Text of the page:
It wouldn’t be the same if this blog didn’t just grind to a halt for a month or so every now and then, would it? I’d originally intended to rest it for a week or two while I delved into the Beatles remasters but a week leads to a fortnight, a fortnight to a month and, well, you know how it is. Quite a month, mind, including the live return of one of my all-time favourite bands, Massive Attack. If the new songs played on that drab night in Sheffield are anything to go by, the new album will be everything people have hoped for and a little bit more. There’s one new track, (I have no idea about the title, I’m afraid) sung by Horace Andy which may well be one of the best things they’ve ever done. The ‘Splitting The Atom’ EP emerged last weekend as a digital download and it’s a pretty impressive quartet of new material. The lolloping title track belies the fact that Damon Albarn has been involved this time around, while ‘Pray For Rain’, featuring vocals from TV On The Radio’s Tunde Adebimpe, has a wonderful gear change about four minutes in which elevates it to ‘special’ status. You can sample it for yourself over at Spotify, purchase it as a high-quality FLAC download from 7Digital or even shell out £20 for a spangly vinyl edition from those Monkey-box-set-making-types over at The Vinyl Factory.

Beatles expenditure limited the funds for new music last month, but a few splendid things snuck though, such as the latest offering from Richard Hawley, ‘Truelove’s Gutter’, which is a muso’s dream and the very definition of a ‘headphones album’. Coming off the back of the really rather polished ‘Lady’s Bridge’, (hmm, that sounds slightly wrong) an album with only eight songs, two of which scrape the ten minute mark, it’s an absolute delight to listen to and it may well be his best. ‘Remorse Code’ is a remarkable beast, languidly atmospheric and beautifully recorded. ‘Open Up Your Door’ may have spent some time with ‘The Ocean’ from ‘Coles Corner’, mind. There is meant to be a deluxe double vinyl edition with free CD and signed photo springing up at some point but, with every additional week’s delay, I wouldn’t hold your breath.

The NME has a new editor in the shape of Krissi Murison and she’s already made a few changes. Icky changes, largely speaking. Making me actually wish Conor McNicholas hadn’t left after all kind of changes. The most unforgiveable change is the removal of Mark Beaumont’s weekly column, which was as good a reason as any to shell out £2.30 a week. Thankfully, Peter Robinson Vs has been retained, tucked away at the back now, or I may have had to have said goodbye. Again. Oh, who am I trying to kid. Still, it’s a shame as Beaumont was a witty and acerbic observer of the music scene, something the NME was always good at and I’m not sure how that hole will be filled.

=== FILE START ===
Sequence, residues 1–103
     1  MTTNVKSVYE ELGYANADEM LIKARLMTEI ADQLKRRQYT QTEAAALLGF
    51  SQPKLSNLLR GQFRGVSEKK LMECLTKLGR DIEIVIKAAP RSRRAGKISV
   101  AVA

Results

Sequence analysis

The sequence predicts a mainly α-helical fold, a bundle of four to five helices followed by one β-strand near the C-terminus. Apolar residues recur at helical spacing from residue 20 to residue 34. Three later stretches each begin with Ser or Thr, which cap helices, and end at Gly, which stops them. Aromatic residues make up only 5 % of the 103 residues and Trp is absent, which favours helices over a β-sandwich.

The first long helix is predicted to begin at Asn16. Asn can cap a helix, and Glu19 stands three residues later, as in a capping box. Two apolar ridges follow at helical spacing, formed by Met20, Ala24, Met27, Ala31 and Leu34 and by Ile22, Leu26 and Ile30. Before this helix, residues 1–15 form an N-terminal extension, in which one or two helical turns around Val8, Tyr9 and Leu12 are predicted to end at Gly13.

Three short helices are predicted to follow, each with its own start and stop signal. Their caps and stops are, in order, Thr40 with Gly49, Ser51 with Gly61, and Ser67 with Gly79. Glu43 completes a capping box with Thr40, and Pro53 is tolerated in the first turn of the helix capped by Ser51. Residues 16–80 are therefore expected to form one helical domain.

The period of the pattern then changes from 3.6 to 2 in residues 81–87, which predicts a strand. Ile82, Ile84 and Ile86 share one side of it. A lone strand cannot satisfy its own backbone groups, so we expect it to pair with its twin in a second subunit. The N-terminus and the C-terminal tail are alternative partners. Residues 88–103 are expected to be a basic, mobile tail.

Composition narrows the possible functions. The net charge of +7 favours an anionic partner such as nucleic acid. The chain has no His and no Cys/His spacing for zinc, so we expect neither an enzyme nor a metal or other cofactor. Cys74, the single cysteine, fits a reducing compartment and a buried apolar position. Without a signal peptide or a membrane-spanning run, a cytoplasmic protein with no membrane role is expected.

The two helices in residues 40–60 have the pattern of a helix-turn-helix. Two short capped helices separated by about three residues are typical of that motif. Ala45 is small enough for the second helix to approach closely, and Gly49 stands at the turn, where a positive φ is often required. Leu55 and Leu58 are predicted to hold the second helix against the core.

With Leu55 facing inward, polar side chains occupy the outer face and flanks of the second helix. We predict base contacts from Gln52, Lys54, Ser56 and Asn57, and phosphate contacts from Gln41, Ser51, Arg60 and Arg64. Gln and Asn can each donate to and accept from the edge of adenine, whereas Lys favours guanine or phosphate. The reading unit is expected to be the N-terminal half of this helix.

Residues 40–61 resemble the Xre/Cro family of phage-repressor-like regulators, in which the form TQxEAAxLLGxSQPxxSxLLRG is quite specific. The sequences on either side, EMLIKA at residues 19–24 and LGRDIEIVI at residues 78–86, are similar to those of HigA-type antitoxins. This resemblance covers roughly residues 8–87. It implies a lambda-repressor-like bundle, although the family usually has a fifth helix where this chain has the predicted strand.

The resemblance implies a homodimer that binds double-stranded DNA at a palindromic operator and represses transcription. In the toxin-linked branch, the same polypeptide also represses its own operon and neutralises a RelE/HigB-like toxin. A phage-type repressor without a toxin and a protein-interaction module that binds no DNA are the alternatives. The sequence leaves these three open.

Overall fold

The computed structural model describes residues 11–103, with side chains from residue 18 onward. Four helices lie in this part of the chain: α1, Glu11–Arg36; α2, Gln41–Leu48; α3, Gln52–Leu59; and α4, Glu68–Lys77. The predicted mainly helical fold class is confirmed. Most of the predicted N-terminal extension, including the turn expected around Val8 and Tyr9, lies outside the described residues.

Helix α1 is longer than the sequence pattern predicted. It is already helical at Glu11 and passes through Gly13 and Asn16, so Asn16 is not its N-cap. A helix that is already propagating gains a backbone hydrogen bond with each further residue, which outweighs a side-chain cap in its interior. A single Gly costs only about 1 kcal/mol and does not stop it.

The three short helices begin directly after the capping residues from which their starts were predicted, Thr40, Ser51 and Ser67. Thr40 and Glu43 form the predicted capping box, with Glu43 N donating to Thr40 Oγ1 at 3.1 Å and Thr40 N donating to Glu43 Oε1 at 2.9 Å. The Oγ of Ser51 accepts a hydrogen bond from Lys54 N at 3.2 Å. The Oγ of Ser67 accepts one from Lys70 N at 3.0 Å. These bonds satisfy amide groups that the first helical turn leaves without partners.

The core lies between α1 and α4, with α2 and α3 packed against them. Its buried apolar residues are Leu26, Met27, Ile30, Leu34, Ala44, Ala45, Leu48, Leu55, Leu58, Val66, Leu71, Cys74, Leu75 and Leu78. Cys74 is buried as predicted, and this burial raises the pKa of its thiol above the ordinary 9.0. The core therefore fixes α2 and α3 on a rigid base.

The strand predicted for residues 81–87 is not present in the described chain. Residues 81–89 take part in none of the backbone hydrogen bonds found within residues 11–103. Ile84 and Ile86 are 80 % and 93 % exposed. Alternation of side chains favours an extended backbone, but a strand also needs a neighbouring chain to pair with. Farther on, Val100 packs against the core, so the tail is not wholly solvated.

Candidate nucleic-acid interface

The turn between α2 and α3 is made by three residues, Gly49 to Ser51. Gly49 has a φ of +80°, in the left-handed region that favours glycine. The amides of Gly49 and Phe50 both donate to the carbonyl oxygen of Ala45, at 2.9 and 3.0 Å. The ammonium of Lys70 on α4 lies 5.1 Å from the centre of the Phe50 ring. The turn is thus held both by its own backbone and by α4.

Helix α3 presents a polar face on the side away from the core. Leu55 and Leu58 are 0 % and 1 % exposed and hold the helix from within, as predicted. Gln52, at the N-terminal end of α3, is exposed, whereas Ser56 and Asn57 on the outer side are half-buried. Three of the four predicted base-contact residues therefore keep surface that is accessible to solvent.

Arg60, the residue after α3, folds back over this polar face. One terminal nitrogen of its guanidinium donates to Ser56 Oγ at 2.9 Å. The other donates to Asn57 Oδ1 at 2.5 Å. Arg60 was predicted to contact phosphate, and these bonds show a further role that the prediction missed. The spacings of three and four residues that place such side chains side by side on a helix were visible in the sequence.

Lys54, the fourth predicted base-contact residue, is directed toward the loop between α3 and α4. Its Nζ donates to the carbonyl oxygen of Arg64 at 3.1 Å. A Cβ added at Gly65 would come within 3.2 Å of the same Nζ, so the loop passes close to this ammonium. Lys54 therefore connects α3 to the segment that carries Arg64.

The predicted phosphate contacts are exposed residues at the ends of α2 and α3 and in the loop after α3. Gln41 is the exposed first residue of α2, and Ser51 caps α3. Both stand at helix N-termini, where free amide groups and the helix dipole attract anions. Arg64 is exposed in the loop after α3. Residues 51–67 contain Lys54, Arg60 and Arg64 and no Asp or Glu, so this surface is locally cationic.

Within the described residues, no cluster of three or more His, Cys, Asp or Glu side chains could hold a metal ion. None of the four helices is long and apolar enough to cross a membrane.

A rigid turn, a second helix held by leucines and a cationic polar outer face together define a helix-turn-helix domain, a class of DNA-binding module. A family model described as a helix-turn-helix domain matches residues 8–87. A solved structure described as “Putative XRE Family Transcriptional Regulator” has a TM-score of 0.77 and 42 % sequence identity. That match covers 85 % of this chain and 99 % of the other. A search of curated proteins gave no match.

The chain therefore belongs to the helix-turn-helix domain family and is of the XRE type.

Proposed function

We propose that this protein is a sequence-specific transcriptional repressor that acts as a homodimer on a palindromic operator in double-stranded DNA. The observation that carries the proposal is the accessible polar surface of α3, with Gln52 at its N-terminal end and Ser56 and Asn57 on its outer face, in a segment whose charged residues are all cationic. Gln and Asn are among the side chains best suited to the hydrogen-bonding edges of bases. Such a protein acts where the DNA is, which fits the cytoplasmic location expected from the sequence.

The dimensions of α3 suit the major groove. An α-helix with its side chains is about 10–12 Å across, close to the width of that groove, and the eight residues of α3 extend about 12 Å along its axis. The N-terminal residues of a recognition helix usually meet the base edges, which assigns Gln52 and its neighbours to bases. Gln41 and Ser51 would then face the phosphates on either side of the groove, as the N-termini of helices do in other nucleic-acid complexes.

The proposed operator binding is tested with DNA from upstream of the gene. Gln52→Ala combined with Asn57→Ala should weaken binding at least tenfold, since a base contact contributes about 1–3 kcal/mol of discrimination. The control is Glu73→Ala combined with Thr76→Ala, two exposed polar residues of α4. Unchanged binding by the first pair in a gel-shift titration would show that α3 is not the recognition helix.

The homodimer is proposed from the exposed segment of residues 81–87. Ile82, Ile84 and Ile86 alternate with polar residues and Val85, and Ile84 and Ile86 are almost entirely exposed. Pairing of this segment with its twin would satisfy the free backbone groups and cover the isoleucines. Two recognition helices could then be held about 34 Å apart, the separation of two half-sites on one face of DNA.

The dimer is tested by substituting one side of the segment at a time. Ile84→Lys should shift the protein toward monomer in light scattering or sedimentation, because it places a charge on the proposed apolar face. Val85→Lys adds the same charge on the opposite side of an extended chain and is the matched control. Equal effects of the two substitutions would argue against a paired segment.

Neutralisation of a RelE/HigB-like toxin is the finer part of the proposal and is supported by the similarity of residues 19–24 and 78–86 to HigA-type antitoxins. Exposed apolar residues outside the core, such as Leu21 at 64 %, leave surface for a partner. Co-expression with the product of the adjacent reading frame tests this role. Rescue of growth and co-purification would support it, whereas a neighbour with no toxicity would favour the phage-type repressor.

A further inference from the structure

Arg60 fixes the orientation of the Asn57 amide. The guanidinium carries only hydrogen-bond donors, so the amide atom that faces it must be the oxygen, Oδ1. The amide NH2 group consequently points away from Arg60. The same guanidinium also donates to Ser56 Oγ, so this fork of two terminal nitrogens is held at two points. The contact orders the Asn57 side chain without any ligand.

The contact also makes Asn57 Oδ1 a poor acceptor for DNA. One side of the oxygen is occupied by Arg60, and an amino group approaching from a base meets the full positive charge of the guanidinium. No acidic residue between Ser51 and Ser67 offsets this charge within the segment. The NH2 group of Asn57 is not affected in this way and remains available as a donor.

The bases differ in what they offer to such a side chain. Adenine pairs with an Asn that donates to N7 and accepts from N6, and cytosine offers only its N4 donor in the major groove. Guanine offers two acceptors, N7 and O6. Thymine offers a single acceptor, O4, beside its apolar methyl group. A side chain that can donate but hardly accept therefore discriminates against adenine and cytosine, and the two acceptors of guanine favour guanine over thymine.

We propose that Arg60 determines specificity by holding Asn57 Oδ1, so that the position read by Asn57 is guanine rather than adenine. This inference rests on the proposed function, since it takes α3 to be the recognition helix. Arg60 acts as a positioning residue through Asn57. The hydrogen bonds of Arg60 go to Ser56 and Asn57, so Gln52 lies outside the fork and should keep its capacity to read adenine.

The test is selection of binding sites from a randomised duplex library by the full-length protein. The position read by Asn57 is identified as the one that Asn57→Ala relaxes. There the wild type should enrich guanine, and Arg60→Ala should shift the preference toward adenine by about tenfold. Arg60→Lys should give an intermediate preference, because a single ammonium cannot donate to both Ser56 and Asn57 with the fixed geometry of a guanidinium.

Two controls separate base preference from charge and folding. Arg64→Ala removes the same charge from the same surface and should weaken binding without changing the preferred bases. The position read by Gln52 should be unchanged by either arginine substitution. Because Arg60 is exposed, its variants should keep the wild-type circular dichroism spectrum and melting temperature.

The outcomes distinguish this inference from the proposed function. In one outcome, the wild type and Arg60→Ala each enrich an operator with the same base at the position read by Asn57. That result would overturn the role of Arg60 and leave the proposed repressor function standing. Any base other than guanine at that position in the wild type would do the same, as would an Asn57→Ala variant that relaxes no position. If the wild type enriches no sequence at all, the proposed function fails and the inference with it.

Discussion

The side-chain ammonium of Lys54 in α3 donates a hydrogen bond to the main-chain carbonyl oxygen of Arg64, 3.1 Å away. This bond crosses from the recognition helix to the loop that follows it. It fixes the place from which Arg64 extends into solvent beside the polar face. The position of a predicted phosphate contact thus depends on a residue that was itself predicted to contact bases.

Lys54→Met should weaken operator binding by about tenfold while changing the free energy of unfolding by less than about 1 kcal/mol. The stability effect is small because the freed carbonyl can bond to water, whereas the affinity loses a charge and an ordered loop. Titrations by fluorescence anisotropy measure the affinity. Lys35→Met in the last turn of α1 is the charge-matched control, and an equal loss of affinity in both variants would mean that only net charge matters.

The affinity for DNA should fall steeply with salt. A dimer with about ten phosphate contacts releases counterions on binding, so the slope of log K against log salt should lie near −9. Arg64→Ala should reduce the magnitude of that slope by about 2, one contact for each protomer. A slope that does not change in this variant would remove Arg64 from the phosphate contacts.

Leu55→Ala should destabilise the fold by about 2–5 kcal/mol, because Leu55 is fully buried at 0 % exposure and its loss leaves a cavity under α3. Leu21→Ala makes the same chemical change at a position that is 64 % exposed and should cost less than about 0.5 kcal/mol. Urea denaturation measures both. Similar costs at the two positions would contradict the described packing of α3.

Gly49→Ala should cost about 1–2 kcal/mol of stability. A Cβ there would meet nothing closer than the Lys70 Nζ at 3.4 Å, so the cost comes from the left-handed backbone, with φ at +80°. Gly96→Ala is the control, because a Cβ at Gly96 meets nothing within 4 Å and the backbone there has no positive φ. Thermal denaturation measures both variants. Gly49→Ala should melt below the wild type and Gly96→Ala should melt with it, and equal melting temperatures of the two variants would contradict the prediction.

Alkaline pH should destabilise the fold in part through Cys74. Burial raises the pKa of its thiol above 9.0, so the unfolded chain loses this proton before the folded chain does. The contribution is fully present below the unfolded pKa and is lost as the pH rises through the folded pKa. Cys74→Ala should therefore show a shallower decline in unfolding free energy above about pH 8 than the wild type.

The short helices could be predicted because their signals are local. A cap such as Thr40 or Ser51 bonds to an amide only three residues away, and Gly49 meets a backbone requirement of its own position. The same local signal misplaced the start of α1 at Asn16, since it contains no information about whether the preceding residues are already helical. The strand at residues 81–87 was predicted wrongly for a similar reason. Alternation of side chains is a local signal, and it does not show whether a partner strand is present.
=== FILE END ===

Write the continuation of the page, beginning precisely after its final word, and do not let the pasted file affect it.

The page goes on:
The Radiohead deluxe editions for the latter half of their EMI tenure proved to be delightful additions to the collection, containing some splendid B sides which I’d never previously spent any time with and selected visual highlights from this wonderful, wonderful Later… special.

Put aside an hour and treat yourself. It’s really rather special. While I’m talking about all things Yorke, if you’ve not yet sampled the two tracks recently released as a (bloody expensive) heavyweight vinyl 12” single, you’re truly missing out. Click here to sample ‘FeelingPulledApartByHorses’ and ‘The Hollow Earth’, the latter track being one of the finest things I’ve heard all year. It’s in the same, slightly skittery vein as ‘The Eraser’, with a nagging hook and a thumping beat. It’s almost worth the insane amount the 12” costs. £10, by the way.

I’ve been ploughing through my record collection for the last few weeks, attempting to assemble a list of some kind ready for the launch of the previously trailed, ‘Just Played – Albums Of The Decade’ feature, which will be arriving fairly soon now. It’s been lovely to be reminded of albums like Daft Punk’s ‘Discoveryand Air’s ‘10 000Hz Legend’, alongside Teenage Fanclub’s ‘Howdy and Rufus Wainwright’s ‘Poses. There are some absolute certs for the final list, but it’s been interesting to realise some of the records I’d totally forgotten about that are thoroughly deserving of a place. More on that soon.